After hopping on and off trains all day, engaging in a good bit of conversating and picture-taking, I had gradually worked myself up an appetite; and now was time to eat. I went to the perennial King Taco, the granddaddy of Mexican food in the area, and a place celebrated by locals and foodies alike. I ordered the quesadillas de pollo, served with guacamole, and got a coke to drink. Quite tasty, as surprises here. As previously mentioned on this blog, Boyle Heights/ELA, alongside perhaps Highland Park and South Gate/Huntington Park nexus (don’t really visit the latter 2) are the crème of the crop when it comes to Mexican food in LA. The sheer number of good places, on a per capita basis, is unrivaled…though Boyle Heights *should* be that way given it is the heart of Mexican culture in the world’s 2nd largest Mexican city.

So, what do I think of the new Gold Line? Well, first and foremost, I support Metro’s efforts to expand mass transit and foster a more livable, human-friendly city and environment. That said, I feel as if some things could have been improved. Number one being that it really should have been the subway the area deserves – and was promised. As for the light rail itself? The at-grade and stopping at red lights both have got to go. (Though, these aren’t nearly as bad as the stations in the 210 median, lol!) My other concerns, namely the slowing down around Union Station and Indiana Street will hopefully only be mere teething issues and resolved at a later date. Still, though, I am excited for this opening represents one of the more tangible results of our rather new commitment to transit. Too, this is the coming of age, the unfolding of the “new” Los Angeles – right before my very eyes, to boot.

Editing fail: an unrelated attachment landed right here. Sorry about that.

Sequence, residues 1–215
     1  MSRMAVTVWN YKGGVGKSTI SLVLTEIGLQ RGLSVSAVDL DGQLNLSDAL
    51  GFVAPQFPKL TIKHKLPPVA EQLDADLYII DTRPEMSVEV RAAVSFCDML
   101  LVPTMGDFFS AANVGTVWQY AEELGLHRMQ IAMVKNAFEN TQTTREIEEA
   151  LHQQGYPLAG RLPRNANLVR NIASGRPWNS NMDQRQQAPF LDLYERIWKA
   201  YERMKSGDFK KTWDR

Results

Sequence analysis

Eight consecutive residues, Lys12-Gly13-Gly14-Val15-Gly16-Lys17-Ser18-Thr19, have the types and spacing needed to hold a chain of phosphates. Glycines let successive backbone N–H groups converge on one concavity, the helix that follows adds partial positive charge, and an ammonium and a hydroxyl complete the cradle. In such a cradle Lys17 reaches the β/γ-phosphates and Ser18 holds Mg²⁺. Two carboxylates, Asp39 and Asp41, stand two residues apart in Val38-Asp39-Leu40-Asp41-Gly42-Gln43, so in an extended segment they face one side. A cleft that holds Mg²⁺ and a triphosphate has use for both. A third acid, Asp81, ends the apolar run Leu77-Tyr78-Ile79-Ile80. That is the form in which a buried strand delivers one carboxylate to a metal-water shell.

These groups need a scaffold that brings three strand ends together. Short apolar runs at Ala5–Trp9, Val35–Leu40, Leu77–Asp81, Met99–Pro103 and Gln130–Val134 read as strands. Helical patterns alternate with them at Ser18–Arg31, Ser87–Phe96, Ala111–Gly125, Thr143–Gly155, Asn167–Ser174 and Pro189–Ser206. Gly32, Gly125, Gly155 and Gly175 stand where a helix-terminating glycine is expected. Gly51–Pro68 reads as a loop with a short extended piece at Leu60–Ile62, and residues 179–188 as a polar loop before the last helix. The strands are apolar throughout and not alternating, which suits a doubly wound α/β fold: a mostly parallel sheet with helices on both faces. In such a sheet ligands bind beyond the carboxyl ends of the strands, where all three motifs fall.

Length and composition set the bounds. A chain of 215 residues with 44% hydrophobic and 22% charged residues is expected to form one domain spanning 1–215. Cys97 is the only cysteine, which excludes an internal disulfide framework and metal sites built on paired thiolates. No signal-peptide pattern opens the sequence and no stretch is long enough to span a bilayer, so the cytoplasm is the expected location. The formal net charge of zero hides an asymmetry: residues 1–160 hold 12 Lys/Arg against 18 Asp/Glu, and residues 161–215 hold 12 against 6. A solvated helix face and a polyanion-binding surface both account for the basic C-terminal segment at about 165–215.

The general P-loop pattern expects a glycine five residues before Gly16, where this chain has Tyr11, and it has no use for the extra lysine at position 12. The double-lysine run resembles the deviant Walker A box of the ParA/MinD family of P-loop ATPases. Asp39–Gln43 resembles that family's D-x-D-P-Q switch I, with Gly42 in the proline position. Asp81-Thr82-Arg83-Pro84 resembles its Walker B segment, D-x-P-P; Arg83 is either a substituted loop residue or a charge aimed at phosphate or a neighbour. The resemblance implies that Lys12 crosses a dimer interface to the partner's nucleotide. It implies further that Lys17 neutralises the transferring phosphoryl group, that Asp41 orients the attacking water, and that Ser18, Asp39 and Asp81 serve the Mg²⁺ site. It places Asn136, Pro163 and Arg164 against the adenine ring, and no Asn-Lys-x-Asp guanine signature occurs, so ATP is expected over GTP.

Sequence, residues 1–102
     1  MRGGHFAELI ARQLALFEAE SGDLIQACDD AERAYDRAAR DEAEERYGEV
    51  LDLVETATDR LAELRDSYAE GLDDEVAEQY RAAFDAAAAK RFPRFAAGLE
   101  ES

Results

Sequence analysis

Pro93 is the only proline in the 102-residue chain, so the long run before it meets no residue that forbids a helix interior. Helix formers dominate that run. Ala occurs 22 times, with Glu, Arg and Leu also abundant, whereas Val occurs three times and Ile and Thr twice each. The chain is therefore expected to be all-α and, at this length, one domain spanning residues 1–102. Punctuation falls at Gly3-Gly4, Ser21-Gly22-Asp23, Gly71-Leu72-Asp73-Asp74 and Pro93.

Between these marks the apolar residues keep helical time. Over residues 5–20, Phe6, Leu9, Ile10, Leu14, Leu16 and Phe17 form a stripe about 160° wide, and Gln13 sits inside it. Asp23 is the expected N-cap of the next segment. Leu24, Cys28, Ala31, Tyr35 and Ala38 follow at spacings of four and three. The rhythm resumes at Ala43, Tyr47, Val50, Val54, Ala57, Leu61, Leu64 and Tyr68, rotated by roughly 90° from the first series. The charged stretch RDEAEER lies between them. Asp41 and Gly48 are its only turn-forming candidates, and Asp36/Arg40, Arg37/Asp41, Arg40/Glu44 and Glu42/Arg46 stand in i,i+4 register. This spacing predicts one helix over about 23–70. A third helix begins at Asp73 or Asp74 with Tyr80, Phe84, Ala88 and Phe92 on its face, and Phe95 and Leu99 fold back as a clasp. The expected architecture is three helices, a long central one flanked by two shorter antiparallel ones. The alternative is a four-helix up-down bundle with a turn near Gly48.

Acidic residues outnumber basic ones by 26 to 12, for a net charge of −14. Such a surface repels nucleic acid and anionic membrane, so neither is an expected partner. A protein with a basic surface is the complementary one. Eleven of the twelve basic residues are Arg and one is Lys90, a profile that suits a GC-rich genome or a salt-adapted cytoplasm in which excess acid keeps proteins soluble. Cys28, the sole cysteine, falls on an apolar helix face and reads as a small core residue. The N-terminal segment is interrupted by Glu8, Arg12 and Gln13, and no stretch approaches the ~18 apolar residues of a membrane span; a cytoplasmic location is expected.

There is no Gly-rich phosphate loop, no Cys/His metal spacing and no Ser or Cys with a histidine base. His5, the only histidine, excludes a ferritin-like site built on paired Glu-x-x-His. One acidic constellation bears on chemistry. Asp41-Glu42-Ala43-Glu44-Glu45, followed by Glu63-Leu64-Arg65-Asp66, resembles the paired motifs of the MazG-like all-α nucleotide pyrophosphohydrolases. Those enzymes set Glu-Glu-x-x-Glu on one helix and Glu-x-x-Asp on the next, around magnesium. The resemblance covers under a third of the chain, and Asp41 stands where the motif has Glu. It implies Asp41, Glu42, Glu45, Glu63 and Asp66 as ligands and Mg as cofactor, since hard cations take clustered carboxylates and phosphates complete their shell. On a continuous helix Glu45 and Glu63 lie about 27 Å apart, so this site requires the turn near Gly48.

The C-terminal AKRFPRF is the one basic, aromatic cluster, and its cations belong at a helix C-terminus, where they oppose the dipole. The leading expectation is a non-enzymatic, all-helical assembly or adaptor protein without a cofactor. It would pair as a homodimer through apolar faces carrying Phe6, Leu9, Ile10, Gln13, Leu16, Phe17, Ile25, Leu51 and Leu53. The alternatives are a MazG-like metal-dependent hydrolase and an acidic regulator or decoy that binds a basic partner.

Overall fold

Links to this post

5 comments: to “ Metro Gold Line Opening so far...


    Edward R. Roybal Gold Line Eastside Extension/ La Linea de Oro / King Taco Line

    But in all seriousness, the opening of this line is going to increase my Mexican food consumption tenfold.

    Great shots. Let's go again soon, now that all those temporary festival tents are out of the way of my camera lens.


    I like the picture showing that lens casually placed next to the tacos and pepsi.. photogs at lunch!

    BTW, that taco meal looks a little bit small for american standards, am I right?


    i was there too, you perfectly described how the events went and the kind of people and atmosphere that was there as well. im really glad eastlos finally has a train, for a place where everybody rides the bus, i think its about time!! your writing is pretty much exactly what people have been saying for all these years: BUILD MORE TRAINS FOR THE PEOPLE!! metro should be looking at your blog for ideas and trends and stuff look that!! and since we're in this recession it'd probably be alot cheaper lol

    and also, too bad i didnt get to see you! i wouldve liked to have meet the man behind the blog haha. maybe we went at different times or something..either way ill be on the lookout for you, señor wells ;)


    This comment has been removed by a blog administrator.


    This comment has been removed by a blog administrator.